There have probably been some studies done about labiodental-r in Boston and New York as well, but I haven’t read much material about that phenomemon. In that case, I am mostly going off my own observations. However, I’ve heard indications of r-fronting in at least Boston speakers so many times over the years, and in so many Bostonian celebrities (Walters, LeBlanc, Jay Leno), that I cannot write all those examples off as merely isolated speech difficulties, especially since I don’t think labiodental “r” should be considered a speech impediment in the first place.

    But getting back to Ross, I think the more appropriate question is why this should be considered a speech impediment rather than a legitimate dialect feature. Ross uses a labiodental r. The labiodental r has been identified as a feature of London speech for at least several decades. Jonathan Ross is from London. Is there something I’m missing?

  3. 'enry 'iggins says:

    Yes, I’ve noticed this too. This does seem to happen much more often in regions with a non-rhotic accent. It’s interesting how you can hear in non-rhotic areas on both sides of the Atlantic. I wonder what the connection is between having a non-rhotic (I’m trying to see how many times I can use the word “non-rhotic”) accent and using a labiodental r. Why are non-rhotic speakers more likely to do it?

    • trawicks says:

      I wish I had some kind of explanation, but I don’t. I’ve had a few hypotheses brewing around in my head about it, but they’re all just speculation!

    • dw says:

      I can give an answer to this. I grew up in England with a labiodental /r/ a bit like Ross’s. I now live in California and have “corrected” my /r/ to a retroflex approximant.

      I’ve observed that my daughter, who grew up and learned to speak here in California, first produced a labiodental nonsyllablic /r/, but a retroflex syllabic /r/. It seems that the apical approximant is easier to produce in syllable than non-syllabic position. Once it is mastered in syllabic position it can then be applied to the non-syllabic position too.

      This matches with my own experience. When I arrived in California, I first began imitating the apical approximants in syllabic position.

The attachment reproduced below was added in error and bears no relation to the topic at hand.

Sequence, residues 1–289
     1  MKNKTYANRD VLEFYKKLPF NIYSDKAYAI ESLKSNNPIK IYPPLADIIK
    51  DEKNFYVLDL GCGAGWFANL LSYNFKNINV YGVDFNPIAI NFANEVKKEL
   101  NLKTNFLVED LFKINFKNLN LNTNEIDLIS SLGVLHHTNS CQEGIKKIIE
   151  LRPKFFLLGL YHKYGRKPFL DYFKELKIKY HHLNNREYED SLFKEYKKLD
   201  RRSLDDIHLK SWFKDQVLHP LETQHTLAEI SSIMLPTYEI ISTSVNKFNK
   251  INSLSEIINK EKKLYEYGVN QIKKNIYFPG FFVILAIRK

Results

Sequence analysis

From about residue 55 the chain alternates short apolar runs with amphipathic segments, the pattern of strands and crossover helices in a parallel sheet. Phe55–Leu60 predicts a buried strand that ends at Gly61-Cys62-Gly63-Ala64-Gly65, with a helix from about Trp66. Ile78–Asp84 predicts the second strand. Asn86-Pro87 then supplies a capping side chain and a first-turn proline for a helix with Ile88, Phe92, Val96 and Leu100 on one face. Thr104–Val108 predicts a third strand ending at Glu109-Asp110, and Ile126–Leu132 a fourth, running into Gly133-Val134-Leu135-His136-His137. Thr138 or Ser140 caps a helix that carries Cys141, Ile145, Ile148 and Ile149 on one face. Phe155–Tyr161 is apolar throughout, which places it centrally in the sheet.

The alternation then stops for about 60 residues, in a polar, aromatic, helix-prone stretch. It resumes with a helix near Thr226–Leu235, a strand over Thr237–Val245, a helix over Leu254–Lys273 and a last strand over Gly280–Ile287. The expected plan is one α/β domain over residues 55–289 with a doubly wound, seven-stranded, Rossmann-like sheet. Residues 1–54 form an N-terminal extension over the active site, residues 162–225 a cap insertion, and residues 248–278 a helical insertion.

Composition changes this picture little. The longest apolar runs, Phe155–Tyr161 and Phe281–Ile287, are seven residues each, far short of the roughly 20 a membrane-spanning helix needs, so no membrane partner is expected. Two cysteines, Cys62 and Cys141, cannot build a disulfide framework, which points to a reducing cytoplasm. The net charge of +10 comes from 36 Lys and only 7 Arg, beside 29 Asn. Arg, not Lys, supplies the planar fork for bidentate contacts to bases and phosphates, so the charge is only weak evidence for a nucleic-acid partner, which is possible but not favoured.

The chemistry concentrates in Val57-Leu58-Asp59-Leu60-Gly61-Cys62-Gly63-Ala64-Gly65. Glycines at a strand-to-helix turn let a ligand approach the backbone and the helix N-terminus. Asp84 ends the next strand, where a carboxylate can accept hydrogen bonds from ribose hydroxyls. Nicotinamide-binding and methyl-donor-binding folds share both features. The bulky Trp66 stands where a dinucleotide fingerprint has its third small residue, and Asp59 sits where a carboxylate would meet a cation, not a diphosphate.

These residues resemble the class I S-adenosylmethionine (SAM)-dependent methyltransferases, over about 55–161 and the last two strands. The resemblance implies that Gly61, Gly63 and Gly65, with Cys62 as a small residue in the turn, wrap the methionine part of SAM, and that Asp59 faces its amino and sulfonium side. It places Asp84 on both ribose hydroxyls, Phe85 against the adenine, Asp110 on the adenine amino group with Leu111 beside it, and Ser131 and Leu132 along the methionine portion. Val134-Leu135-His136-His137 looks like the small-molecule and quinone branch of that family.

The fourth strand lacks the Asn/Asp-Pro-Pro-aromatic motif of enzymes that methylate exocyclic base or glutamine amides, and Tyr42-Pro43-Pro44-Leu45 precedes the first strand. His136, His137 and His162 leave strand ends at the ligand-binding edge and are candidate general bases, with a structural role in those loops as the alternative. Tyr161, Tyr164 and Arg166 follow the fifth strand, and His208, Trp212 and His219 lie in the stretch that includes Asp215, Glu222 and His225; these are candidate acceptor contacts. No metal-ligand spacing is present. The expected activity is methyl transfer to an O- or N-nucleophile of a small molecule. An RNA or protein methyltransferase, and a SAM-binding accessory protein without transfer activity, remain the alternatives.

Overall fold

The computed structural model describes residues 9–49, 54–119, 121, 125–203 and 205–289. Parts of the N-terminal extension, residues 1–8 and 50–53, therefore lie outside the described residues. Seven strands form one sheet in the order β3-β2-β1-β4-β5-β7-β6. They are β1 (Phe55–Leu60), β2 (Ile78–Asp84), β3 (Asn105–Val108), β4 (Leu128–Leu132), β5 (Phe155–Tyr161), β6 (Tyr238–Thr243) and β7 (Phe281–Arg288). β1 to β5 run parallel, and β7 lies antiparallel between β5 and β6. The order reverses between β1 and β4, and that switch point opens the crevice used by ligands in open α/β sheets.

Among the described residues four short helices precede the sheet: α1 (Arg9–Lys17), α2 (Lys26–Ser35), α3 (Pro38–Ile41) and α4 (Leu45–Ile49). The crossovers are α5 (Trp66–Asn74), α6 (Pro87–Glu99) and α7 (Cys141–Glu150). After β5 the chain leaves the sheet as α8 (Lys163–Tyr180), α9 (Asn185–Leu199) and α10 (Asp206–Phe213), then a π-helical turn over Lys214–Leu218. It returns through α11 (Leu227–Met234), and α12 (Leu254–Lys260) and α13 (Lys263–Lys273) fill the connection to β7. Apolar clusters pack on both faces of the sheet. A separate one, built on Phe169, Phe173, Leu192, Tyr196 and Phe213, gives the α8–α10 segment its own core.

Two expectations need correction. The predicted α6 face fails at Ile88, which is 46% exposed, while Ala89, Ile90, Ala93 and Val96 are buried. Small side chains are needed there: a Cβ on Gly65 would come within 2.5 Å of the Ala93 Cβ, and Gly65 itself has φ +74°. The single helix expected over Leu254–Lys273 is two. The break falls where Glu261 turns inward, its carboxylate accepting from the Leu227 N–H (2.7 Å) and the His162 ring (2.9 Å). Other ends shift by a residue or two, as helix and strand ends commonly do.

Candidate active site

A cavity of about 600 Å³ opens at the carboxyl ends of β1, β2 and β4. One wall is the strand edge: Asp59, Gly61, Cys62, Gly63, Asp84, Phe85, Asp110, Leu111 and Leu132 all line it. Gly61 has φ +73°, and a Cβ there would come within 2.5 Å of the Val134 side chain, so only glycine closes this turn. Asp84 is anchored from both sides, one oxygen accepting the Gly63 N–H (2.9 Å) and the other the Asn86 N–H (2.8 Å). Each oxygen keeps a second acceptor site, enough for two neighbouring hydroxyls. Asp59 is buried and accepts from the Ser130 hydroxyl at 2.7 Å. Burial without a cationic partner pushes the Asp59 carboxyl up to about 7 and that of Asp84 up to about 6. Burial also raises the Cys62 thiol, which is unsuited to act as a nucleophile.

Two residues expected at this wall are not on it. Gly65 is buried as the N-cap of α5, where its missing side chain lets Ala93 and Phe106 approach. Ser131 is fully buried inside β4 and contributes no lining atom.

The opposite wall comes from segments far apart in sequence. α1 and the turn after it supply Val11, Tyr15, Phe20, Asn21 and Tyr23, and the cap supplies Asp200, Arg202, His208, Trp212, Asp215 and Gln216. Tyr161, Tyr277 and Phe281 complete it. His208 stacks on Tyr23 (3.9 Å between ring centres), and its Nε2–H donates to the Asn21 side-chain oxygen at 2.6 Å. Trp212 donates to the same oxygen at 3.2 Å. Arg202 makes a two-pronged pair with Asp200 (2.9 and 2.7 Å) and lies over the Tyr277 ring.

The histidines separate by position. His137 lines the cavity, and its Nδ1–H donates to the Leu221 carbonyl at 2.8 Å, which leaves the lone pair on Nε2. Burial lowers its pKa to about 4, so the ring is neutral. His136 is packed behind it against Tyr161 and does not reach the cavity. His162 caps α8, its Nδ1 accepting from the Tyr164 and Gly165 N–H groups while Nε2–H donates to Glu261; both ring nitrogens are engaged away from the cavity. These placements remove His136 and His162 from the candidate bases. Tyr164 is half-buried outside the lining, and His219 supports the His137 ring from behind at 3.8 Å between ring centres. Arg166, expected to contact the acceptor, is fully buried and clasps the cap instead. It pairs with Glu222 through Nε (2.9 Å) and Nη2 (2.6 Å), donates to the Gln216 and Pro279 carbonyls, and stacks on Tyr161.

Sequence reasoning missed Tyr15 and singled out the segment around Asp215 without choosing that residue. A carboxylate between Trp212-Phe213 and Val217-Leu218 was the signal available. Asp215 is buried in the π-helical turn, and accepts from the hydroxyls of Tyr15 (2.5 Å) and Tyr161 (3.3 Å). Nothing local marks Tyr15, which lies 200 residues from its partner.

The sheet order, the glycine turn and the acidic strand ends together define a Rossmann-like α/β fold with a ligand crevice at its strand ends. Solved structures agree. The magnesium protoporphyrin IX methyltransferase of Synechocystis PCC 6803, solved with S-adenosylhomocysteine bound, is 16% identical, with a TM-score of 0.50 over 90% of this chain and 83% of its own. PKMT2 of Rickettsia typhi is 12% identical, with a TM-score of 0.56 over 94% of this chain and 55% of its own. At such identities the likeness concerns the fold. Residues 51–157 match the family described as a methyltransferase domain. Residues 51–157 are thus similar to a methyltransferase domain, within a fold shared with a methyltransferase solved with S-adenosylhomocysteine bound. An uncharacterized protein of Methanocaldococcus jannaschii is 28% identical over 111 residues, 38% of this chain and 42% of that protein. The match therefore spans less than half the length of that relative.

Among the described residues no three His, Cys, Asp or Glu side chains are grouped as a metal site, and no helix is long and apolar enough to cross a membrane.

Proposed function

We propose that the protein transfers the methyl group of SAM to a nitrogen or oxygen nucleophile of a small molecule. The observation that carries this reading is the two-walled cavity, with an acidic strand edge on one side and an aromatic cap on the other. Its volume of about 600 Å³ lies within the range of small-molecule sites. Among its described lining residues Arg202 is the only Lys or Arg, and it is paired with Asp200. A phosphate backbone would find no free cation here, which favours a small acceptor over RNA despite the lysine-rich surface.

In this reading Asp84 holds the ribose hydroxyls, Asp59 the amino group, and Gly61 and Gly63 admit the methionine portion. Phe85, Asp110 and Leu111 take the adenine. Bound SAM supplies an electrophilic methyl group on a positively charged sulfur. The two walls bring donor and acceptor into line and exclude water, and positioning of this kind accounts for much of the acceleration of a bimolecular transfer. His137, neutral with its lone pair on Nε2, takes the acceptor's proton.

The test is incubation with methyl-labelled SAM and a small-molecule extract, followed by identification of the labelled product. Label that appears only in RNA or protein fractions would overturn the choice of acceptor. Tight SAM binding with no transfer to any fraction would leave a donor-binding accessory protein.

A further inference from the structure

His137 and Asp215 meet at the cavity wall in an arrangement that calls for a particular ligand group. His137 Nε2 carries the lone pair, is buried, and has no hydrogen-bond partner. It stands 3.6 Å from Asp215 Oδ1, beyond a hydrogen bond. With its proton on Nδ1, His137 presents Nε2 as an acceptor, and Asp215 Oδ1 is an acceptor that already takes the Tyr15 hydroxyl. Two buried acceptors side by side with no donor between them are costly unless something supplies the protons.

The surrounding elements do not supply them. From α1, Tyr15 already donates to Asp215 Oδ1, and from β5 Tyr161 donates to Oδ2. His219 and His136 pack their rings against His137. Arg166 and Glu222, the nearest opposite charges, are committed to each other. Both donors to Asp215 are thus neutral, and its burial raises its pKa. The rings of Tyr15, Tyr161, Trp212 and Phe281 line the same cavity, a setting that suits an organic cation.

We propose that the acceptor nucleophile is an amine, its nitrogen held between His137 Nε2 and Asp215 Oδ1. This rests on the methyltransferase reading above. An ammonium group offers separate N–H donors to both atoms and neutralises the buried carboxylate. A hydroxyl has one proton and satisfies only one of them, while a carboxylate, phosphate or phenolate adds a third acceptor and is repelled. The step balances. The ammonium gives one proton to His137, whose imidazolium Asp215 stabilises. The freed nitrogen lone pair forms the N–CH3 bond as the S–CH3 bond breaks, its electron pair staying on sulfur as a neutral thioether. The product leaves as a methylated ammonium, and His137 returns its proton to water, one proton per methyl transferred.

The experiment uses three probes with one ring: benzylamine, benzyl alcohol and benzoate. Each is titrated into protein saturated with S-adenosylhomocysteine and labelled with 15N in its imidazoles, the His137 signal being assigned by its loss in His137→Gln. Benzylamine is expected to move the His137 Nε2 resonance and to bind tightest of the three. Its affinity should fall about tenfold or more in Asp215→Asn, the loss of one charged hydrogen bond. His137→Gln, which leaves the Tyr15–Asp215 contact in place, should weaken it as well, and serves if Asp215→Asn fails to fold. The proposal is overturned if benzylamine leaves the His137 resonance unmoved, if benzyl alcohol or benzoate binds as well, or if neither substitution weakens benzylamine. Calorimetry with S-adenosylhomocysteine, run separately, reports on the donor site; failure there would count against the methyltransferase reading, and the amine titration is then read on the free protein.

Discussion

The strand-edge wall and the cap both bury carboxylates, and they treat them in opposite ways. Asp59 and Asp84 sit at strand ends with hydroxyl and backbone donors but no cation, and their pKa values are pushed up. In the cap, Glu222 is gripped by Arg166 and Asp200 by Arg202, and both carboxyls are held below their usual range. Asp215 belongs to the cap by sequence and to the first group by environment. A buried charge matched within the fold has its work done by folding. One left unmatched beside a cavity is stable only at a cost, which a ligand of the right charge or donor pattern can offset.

Of course, since only rhotic accents have syllabic /r/, this would explain why non-rhotic accents are those that allow labial /r/.

  4. 'enry 'iggins says:

    *hear this

  5. fay lee says:

    i’m sorry to disagree but i have a cousin with the same problem and this is not at all a fronting of the non-rhotic r, of course they dont do it exactly as a w, they know it is not the same sound and make an effort to try to produce an r, but not because of their accent but because they cannot produce the r properly. that is a fact!!

    • Rachel says:

      I can’t either, but I think the reason I can’t isn’t an impediment, it’s my accent, just as I can’t roll my Rs because I haven’t grown up speaking French. I was quite shocked when I first learned that it wasn’t standard to pronounce it with your tongue and teeth and I could never understand what people were talking about regarding Jonathan Ross’s pronunciation. Everyone I know does it that way.

  6. Rob says:

    It is a speech impediment called Rhotacism. My wife’s son (from a previous marriage) has it.

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  8. Roger Explosion says:

    There may be a speech impediment form of this, but in the majority of cases it is a learned behaviour. My life has been split roughly evenly between two non-rhotic countries – Australia and the UK. This ‘impediment’ is almost unknown in Australia, but relatively common in the south of England.

  9. Colin says:

    Ben,

    I’m from the Boston area and have studied the variations on the accent from one town to another for years. Barbara Walters’ pronunciation is not common. I’ve always assumed she had a speech impediment.